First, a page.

GAME STORY: Thunder top Harrisburg, 4-1
“It always comes down to pitching,” Franklin said. “We pitched well tonight but we didn’t hit well tonight, but we’re going to be in some close games. The two years that we won championships it was the pitching, and it always comes down to pitching.”
With the win, the Thunder gain a game on New Hampshire, who were blanked last night by the New Britain Rock Cats.
Possible candidates to replace Phelps long-term include George Kontos, who spent parts of two seasons in the Thunder rotation, and Adam Warren, the Yankees’ fourth-round selection in the 2009 draft.
Kontos, who is recovering from Tommy John surgery, has accrued a 3.12 ERA over four appearances — two of which were starts — with High-A Tampa. Warren is 7-5 with a 2.61 ERA and 51 strikeouts in 69 innings in his first full season as a professional.
Wilkin De La Rosa or Ryan Pope, both of whom have started this season, could fill the hole, but manager Tony Franklin indicated before the game that Phelps’ replacement would likely come from outside the current roster.
Cory Arbiso started and limited the Senators to a run on six hits over the first four innings before sitting down for the night.
J.B. Cox entered in the fifth and looked much better than his ghastly 8.59 ERA over five games with High-A Tampa. Using a sinking fastball that sat between 85 and 89 miles per hour, the former second-round pick silenced the Senators. He allowed a hit per inning.
Because Arbiso didn’t go the requisite five innings, the official scorer awarded Cox the victory. It was his first professional win since Aug. 14, 2008, against the Lehigh Valley IronPigs. It was first Double-A victory since August 6, 2006, against the Bowie Baysox.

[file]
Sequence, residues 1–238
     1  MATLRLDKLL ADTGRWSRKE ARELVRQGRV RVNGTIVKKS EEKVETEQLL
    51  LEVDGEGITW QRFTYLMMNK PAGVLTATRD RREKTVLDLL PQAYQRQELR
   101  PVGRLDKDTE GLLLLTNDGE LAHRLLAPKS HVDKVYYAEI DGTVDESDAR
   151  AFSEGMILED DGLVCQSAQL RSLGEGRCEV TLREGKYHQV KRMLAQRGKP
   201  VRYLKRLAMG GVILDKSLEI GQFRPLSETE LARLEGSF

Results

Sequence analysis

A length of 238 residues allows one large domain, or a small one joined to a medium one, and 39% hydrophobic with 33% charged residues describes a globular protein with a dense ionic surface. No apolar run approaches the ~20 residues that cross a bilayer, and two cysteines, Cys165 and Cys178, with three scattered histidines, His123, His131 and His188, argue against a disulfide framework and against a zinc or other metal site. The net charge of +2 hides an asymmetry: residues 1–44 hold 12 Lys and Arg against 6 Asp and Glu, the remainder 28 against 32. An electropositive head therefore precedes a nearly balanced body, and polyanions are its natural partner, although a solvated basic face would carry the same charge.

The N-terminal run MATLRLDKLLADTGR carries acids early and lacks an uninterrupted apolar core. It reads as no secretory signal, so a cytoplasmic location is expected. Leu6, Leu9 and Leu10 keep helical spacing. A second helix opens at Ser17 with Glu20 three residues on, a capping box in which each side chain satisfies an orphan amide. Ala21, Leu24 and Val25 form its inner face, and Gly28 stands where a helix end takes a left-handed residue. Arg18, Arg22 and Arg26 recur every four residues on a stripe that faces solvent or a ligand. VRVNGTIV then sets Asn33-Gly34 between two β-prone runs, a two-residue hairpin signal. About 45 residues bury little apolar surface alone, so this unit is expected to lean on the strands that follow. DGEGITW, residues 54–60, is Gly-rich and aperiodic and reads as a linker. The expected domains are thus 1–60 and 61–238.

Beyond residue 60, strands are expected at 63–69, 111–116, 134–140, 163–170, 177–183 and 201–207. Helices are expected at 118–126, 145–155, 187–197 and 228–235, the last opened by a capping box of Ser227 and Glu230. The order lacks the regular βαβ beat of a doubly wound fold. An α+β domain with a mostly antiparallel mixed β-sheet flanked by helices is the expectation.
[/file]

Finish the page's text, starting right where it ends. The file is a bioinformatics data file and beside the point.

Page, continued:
Before the game, Cox, who spent a year away from the game, said it’s been long ride from his low point until last night.
“It’s been really tough,” Cox said. “It’s been an emotional and physical roller-coaster.”
In the seventh, Cox handed the ball to Kevin Whelan, who worked a pair of scoreless innings with two strikeouts.
A curious ball-strike call in the first inning helped turn the inning in Trenton’s favor.
With two outs and a 1-2 count on Austin Romine, Harrisburg starter and former Washington National Ross Detwiler pumped in a fastball that appeared to catch the inside corner. The pitch was so juicy, in fact, that Romine and catcher Jhonatan Soltano both turned and headed to their respective dugouts.
Plate umpire Jon Saphire, however, agreed with neither man and ruled otherwise, audibly calling the pitch inside.
Romine took advantage and worked a walk. Brandon Laird followed suit, and Jose Gil cashed in with a sharp double under the glove of first baseman Chris Marrero that brought Romine home.
The Thunder upped their advantage in the second inning on a two-run double from leadoff man Dan Brewer.
Edwar Gonzalez connected on a solo home run in the eighth, and Ryan Pope worked the ninth to seal the game and earn his second save.